Suing Debtor for Specific Performance – Discharge Violation? Maybe not…

A discharge under 727 discharges a debtor from all prepetition debts (liability on a claim) and any liability on a claim (right to payment).   But what if the debtor is sued for something other than a “right to payment”.   Is that a discharge violation?  Hmmm….let’s take a look at an example.

Example, Debtor and Creditor enter into a prepetition contract for creditor to sell her business to debtor for $100 and there is a covenant-not-to-compete clause whereby the creditor can enjoin the debtor from opening a competing business.  Debtor files bankruptcy and gets a discharge and creditors will receive 25% on their claims.

Section 727(b) states — a discharge….discharges the debtor from all debts that arose before the date of the order for relief under this chapter, and any liability on a claim….if such claim had arisen before the commencement of the case.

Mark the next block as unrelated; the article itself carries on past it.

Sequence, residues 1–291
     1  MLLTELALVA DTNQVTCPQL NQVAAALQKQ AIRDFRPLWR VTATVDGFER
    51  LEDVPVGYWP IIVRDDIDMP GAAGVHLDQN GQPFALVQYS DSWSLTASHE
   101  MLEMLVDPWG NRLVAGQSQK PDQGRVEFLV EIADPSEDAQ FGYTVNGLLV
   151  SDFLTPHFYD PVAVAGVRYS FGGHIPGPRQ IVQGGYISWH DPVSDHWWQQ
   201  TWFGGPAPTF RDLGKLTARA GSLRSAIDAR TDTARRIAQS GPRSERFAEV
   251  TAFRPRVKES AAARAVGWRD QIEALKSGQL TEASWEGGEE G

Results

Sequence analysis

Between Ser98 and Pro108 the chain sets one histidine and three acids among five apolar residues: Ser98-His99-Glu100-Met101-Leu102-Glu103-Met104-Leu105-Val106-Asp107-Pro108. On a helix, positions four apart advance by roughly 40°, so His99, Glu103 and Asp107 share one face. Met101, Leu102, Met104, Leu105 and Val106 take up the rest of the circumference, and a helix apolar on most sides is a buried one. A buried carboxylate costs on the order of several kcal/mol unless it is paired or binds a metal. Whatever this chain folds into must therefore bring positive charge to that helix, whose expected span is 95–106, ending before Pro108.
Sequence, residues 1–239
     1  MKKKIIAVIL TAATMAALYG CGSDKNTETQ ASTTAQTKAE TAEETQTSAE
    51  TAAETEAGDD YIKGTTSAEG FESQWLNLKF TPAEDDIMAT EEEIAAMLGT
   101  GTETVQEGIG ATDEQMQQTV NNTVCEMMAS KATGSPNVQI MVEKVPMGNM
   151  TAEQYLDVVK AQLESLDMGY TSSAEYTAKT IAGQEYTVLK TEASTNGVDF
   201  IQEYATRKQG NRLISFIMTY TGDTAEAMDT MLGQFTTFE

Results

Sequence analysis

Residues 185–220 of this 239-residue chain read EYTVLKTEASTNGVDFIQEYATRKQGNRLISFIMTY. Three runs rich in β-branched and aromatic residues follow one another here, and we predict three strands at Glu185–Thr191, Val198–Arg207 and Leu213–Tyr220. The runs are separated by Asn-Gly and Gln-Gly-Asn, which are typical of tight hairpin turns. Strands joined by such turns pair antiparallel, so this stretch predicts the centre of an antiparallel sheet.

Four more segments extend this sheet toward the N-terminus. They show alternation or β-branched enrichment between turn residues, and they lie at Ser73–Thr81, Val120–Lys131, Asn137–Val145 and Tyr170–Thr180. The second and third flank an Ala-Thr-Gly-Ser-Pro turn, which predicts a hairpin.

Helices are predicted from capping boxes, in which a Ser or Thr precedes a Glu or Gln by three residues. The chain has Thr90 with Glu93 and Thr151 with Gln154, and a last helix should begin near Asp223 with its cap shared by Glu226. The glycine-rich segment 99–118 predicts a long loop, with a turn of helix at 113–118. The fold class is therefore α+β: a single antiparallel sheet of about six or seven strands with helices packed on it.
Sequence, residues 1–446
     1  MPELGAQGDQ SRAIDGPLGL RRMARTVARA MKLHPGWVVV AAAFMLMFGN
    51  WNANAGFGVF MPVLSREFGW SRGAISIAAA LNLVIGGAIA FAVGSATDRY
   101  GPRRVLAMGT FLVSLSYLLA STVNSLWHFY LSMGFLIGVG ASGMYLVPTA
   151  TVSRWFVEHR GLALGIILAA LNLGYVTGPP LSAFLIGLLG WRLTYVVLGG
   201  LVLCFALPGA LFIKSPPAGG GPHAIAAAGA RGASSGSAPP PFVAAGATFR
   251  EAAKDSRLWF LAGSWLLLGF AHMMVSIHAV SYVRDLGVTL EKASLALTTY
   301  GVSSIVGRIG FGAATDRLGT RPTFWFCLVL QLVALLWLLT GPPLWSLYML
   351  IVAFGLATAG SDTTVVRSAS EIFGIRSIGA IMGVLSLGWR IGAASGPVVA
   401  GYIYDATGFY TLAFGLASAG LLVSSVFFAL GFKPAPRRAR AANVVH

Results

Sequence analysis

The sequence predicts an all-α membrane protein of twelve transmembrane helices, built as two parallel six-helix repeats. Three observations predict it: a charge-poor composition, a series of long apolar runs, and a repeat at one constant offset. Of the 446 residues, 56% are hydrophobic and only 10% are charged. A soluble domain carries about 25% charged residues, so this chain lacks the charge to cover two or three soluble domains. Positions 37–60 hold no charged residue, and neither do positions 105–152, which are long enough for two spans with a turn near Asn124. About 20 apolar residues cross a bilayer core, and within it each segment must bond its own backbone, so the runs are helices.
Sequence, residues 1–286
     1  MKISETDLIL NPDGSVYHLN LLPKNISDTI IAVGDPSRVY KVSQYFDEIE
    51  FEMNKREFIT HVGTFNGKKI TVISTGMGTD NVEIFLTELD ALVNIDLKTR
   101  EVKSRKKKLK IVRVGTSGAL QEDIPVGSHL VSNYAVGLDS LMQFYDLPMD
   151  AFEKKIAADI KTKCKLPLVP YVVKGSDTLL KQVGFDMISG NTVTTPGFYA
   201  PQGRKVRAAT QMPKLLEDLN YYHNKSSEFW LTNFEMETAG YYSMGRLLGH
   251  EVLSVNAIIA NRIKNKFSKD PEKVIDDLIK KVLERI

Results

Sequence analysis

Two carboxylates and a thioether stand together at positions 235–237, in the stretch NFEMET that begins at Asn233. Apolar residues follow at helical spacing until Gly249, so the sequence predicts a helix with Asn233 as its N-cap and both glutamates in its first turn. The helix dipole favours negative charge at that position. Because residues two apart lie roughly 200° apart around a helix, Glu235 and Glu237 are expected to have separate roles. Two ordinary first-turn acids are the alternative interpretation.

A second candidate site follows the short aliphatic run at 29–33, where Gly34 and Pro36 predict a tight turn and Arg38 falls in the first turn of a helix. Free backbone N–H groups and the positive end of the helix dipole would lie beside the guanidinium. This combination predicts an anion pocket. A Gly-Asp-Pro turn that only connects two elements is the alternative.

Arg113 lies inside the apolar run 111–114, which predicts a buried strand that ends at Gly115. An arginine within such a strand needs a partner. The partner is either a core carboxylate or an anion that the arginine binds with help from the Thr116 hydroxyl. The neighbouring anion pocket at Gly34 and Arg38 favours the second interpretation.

Debt = liability on a claim.

Claim = right to payment.

Under these facts, creditor can argue that her right to enforce the covenenant-not-to-compete through an injunction is not a “right to payment” and therefore not a claim — and therefore….not subject to the discharge injunction which protects the debtor from further personal liability on a claim.  Bankruptcy courts look to state law to see if creditor can be compelled to take money in lieu of an injunction.   I’m sure there is competing case law on this.

Thanks for reading!

Law Office of Sevan Gorginian

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